Opportunity often shows what men are, whether friends or enemies. Opportunity to do puts men in mind of doing; wakens up such principles as lay dormant before. Opportunity stirs up desire to do, where there was before a disposition, that without opportunity would have lain still. If a man has had an old grudge against another, and has a fair opportunity to be revenged, this will revive his malice, and waken up a desire of revenge…

You object against your having a moral hatred against God; that you never felt any desire to dethrone him. But one reason has been, that it has always been conceived so impossible by you. But if the throne of God were within your reach, and you knew it, it would not be safe one hour. Who knows what thoughts would presently arise in your heart by such an opportunity, and what disposition would be raised up in your heart. Who would trust your heart, that there would not presently be such thoughts as these, though they are enough to make one tremble to mention them?

- Jonathan Edwards, "Men Naturally are God's Enemies," Works, Vol. 2, pp. 134-35.

(Apologies for the delay on Mueller, other things have overtaken me).

Monday, October 18, 2010

Rummaging in Presbyterian Trash Cans

Great conversation between Al Mohler, Kevin DeYoung, and Ligon Duncan on the nature and scope of the "New Calvinists." Mohler's response as to its rise, is both simple and true, "Where else are you going to go?"

DeYoung, Duncan, Mohler: What's New About the New Calvinism from The Gospel Coalition on Vimeo.

(NB, we have been investing a bit of thinking and reading recently on what it means to be Reformed or "Calvinistic," but non-confessional and may attempt to address it here in the near future).

More from Mueller tomorrow, DV.

Friday, October 15, 2010

Theology as Spiritual Ability, 3: Theologia Irregenitorum?

... just as the Gentiles also walk, in the futility of their mind, being darkened in their understanding, excluded from the life of God because of the ignorance that is in them, because of the hardness of their heart (Eph 4:17-18).

In previous posts (1 and 2), we have seen in the dogmatics of the Lutheran theologian, J.T. Mueller, that theologians are born by the Spirit and not made or trained. Or, as he puts it, theology is a "spiritual habitude"
The theological habitude is a spiritual habitude (habitus spiritualis, supernaturalis), that is to say, an ability which is implanted in the soul not by natural gifts, but by the Holy Ghost. It presupposes personal faith in Christ's vicarious atonement and consequently the regeneration, or conversion, of the theologian.
This, of course, begs an important question: What do we say about the host of widely-respected theologians - men (and women) who inhabit significant chairs in universities and seminaries, write voluminously, and have their prestige validated on PBS specials and Discovery Channel exposes - and yet evidence no "personal faith in Christ's vicarious atonement"? Mueller's lucidity, again, is instructive:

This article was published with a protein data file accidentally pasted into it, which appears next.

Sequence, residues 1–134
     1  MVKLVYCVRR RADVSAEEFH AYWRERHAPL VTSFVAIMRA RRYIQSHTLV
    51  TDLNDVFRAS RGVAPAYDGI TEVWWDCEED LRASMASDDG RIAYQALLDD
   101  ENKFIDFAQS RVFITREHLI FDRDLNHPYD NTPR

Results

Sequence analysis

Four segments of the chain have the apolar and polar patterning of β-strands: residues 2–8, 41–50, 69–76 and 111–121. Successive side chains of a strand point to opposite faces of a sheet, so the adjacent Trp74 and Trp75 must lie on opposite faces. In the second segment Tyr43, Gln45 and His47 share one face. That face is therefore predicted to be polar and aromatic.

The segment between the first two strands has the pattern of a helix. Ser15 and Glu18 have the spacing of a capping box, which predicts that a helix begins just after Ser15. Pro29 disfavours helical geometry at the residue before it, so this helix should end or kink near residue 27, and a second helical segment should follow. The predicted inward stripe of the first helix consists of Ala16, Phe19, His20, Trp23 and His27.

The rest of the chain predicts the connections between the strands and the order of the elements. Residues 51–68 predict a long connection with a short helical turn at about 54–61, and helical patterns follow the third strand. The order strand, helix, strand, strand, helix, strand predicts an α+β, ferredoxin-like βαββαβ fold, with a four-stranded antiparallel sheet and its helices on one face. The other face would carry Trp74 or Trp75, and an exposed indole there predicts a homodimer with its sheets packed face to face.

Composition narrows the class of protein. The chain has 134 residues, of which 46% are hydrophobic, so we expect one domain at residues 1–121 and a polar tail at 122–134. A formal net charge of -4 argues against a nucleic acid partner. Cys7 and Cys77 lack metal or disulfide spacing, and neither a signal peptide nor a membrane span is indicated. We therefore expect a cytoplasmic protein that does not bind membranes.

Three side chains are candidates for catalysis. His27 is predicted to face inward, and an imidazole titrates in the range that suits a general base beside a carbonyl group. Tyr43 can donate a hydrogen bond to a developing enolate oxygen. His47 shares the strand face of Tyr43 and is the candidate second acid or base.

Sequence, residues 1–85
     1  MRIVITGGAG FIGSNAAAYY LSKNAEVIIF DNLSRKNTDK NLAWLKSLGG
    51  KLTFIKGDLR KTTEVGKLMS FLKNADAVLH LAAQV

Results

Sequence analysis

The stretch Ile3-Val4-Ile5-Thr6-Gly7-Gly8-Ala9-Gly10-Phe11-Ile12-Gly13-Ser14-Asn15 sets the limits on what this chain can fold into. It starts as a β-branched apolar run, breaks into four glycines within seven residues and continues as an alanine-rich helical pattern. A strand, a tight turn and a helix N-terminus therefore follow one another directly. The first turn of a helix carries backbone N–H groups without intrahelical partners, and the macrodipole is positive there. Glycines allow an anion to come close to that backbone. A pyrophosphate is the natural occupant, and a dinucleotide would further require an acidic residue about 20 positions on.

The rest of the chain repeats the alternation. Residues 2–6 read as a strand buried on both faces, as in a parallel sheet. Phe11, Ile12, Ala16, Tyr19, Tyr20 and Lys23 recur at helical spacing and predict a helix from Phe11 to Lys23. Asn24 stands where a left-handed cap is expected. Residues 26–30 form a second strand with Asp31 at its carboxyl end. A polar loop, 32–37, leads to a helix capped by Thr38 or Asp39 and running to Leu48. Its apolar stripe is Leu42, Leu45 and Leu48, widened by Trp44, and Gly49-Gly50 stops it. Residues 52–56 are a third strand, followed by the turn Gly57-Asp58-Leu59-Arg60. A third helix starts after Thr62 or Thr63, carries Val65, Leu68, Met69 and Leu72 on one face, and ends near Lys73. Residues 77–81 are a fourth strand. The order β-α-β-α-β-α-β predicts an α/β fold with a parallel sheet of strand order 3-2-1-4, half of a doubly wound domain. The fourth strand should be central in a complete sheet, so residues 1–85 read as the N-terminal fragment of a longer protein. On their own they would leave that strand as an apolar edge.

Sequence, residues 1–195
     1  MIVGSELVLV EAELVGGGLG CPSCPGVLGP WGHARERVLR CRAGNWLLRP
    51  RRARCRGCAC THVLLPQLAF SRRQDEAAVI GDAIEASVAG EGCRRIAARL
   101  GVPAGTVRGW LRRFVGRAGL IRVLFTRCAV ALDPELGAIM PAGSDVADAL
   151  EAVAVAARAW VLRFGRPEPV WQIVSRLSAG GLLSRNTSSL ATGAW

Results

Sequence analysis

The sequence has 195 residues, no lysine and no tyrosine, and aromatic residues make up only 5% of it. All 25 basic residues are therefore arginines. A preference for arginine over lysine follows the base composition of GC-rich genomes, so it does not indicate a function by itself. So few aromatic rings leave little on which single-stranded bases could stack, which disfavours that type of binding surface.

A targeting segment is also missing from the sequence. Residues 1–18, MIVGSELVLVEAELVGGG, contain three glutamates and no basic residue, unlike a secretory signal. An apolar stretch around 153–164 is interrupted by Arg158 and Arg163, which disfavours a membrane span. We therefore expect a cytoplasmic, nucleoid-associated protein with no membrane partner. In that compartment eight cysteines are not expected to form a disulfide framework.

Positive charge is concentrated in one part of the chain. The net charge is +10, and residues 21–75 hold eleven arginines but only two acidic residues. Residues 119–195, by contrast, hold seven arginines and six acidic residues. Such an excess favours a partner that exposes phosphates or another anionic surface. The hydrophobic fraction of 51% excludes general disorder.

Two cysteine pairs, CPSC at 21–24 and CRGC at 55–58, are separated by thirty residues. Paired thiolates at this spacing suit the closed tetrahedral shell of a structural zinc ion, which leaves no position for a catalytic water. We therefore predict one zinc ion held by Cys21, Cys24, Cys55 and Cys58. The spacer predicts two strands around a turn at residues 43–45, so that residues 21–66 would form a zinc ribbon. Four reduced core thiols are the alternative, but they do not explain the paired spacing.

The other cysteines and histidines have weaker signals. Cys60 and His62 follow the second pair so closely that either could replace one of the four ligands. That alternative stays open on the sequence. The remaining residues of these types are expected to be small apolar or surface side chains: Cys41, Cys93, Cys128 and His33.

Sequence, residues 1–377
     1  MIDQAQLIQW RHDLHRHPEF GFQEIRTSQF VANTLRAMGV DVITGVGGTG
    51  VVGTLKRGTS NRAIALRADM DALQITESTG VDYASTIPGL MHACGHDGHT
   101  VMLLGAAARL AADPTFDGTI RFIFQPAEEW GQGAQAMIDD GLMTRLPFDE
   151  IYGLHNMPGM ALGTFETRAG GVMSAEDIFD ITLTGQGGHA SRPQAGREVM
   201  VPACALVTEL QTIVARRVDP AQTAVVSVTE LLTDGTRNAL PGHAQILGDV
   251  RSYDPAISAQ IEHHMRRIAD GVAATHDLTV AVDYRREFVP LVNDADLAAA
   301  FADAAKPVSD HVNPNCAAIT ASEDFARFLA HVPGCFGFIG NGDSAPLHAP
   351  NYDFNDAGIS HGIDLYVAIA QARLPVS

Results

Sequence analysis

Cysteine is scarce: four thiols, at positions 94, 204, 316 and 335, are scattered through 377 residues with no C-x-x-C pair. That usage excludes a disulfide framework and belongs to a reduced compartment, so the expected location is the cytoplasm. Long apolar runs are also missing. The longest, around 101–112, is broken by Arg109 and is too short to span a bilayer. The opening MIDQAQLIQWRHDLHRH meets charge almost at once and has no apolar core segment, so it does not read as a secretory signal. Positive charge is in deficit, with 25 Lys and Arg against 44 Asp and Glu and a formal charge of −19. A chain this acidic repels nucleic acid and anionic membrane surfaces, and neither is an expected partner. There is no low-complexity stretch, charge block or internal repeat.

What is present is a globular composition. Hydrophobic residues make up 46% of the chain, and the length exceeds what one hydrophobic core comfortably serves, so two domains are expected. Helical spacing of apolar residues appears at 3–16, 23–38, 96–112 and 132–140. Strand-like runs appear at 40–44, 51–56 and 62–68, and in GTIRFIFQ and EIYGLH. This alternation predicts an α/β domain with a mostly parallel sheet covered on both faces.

Unbelieving ministers or teachers do not deserve the name of theologian; and in the sense of Holy Scripture they are not theologians, though they may have apprehended the doctrines of the Word of God intellectually and be able to present them clearly and correctly. In other words, there is no theologia irregenitorum, or theology of the unregenerate, since the souls of the unconverted and unbelieving are not inhabited and actuated by the Holy Ghost, but by the 'prince of this world,' that is, Satan. Eph 2,2.

Holy Scripture always describes a true minister of Christ as a penitent, believing child of God, who ascribes to divine grace both his sufficiency and his call into the ministry. 2 Cor 3,5; 2 Tim 2,1ff. A true minister of Christ, or theologian, is therefore a sanctified believer (pp. 33-34).
The unregenerate have no theology, but speculate in futility (Rom 1:21) and understand darkly (Eph 4:18), so that "Unbelieving ministers or teachers do not deserve the name of theologian."

While this in no way minimizes the need for true theologians to contend earnestly (Jude 3) or take thoughts captive (2 Cor 10:5), it does grant a settled confidence and dependent humility to their efforts. Theologians are born again, not trained, so we can trust in God to regenerate the irregenitorum , remembering that were it not for His grace, we too would still see His Word in futility and darkness.

So, the next time the theologia irregenitorum is paraded before you, respond like David, a true theologian:
But I, like a deaf man, do not hear;
And I am like a mute man who does not open his mouth.
Yes, I am like a man who does not hear,
And in whose mouth are no arguments.
For I hope in You, O LORD;
You will answer, O Lord my God
(Ps 38:13-15)